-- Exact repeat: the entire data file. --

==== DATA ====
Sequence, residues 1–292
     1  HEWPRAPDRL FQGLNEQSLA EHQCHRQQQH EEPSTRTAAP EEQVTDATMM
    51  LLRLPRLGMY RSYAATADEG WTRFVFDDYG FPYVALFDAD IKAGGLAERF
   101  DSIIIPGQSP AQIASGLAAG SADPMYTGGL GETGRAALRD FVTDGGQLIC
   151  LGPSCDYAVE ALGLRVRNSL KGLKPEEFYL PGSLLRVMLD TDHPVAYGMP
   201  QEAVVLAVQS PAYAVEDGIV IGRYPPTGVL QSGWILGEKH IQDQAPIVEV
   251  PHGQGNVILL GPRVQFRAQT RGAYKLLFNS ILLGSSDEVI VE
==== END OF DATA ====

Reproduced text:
Sequence, residues 1–292
     1  HEWPRAPDRL FQGLNEQSLA EHQCHRQQQH EEPSTRTAAP EEQVTDATMM
    51  LLRLPRLGMY RSYAATADEG WTRFVFDDYG FPYVALFDAD IKAGGLAERF
   101  DSIIIPGQSP AQIASGLAAG SADPMYTGGL GETGRAALRD FVTDGGQLIC
   151  LGPSCDYAVE ALGLRVRNSL KGLKPEEFYL PGSLLRVMLD TDHPVAYGMP
   201  QEAVVLAVQS PAYAVEDGIV IGRYPPTGVL QSGWILGEKH IQDQAPIVEV
   251  PHGQGNVILL GPRVQFRAQT RGAYKLLFNS ILLGSSDEVI VE